Presidents don’t get to choose their emergencies.
We do not know if the period we are about to enter under the presidency of Donald Trump will be as turbulent as the 1910s, the 1930s, the 1940s, or even the 1960s. But it is a safe bet that if such turbulence were to recur in our lifetimes, it would happen under conditions like those of today—a superpower under radical and volatile leadership, geopolitical rivalries, a populist revolt, and a fragile global economy.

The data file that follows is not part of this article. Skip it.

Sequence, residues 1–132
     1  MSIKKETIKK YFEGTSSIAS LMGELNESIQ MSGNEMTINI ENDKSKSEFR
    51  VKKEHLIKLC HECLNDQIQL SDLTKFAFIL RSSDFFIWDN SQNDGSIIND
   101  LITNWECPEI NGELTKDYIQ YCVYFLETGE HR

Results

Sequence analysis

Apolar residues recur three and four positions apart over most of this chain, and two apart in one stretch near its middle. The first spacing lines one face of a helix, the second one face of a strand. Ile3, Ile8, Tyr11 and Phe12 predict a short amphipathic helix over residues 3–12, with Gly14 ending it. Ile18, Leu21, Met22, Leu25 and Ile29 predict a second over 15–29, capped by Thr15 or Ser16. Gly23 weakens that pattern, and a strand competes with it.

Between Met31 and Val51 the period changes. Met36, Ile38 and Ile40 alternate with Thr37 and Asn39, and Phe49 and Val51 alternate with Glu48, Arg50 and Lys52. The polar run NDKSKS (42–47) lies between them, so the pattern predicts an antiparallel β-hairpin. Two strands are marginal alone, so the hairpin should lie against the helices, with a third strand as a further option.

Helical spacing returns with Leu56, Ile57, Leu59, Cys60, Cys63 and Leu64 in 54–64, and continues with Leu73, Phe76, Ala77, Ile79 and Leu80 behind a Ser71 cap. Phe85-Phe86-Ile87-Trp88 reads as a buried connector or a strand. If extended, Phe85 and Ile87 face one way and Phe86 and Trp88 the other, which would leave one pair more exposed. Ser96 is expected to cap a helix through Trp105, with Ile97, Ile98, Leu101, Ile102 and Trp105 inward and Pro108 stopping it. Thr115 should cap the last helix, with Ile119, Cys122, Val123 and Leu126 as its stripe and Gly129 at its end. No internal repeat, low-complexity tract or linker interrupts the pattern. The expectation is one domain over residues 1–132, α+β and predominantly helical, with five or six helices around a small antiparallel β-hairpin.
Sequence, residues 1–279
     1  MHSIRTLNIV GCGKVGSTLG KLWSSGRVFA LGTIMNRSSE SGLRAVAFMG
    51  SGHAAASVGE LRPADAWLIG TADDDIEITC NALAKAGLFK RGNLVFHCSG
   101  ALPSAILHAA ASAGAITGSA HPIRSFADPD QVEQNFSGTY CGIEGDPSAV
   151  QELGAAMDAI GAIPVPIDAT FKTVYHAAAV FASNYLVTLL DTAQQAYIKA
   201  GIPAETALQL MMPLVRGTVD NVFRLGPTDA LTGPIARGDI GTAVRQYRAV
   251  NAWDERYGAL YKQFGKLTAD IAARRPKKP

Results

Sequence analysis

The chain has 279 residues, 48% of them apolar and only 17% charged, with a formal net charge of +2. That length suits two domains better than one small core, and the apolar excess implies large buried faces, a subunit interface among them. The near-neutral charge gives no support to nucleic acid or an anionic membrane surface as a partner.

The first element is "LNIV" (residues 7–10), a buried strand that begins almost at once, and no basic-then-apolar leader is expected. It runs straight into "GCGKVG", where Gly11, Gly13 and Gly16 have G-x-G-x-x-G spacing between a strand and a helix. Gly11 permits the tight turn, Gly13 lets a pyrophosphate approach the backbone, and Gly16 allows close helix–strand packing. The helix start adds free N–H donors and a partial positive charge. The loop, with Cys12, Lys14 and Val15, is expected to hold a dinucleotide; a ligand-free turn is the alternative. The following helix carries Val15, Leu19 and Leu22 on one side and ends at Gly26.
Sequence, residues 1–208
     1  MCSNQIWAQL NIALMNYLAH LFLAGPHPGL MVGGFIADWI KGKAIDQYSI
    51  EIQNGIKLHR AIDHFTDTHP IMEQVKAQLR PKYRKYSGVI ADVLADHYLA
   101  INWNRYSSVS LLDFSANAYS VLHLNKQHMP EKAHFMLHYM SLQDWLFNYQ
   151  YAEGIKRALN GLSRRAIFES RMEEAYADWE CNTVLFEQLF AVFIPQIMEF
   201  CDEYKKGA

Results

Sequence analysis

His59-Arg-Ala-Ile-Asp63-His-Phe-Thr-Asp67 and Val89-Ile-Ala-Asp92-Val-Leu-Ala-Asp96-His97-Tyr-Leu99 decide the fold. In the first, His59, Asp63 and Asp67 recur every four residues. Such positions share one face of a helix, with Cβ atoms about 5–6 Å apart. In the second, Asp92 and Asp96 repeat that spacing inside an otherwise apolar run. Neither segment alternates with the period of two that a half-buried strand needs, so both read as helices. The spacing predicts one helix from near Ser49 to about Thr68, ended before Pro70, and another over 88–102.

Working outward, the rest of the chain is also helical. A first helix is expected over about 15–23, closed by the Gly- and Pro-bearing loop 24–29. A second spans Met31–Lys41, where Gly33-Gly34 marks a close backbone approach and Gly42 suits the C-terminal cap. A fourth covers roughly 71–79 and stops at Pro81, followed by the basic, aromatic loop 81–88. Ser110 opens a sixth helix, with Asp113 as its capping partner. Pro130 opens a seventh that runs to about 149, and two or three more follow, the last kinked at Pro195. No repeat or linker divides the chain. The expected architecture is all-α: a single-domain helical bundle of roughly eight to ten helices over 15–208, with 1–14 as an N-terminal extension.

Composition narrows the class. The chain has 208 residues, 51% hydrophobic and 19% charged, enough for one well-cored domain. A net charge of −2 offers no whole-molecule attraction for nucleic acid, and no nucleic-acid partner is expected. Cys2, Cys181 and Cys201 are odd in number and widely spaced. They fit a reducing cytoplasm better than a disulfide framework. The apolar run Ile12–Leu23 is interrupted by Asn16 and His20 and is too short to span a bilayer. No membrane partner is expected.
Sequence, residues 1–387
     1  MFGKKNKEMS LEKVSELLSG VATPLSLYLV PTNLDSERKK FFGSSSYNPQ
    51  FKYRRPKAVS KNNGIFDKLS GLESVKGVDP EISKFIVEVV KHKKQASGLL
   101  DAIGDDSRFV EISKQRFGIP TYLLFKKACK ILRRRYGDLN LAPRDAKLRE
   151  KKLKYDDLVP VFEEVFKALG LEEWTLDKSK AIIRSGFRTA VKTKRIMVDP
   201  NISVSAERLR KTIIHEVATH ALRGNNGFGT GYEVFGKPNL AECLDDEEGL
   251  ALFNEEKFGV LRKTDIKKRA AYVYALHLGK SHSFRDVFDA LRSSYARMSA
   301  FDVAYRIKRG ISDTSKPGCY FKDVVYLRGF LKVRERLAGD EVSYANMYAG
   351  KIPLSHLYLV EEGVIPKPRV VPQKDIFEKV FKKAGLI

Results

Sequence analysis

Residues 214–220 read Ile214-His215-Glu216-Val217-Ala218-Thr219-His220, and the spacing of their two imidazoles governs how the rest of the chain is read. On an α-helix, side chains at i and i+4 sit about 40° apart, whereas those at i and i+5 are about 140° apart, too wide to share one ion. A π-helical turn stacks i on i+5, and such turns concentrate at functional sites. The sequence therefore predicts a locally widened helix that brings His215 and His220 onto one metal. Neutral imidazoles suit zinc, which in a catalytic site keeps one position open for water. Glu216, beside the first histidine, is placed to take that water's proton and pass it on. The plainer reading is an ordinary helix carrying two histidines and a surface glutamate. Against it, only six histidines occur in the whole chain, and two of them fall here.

As we peer into that future, it makes little sense to talk of Trump’s foreign policy in terms of how it will cope with normal emergencies—North Korea testing an ICBM, the Islamic State attacking the United States, Venezuela collapsing, just to name a few. Yes, the National Security Council is disorganized. Yes, Trump is untested and impulsive. And, yes, chances are he will err, at least in the beginning. His team may learn from the experience, or they may not. But the real questions concern what unique crises they will face. What was previously unthinkable, but now plausible?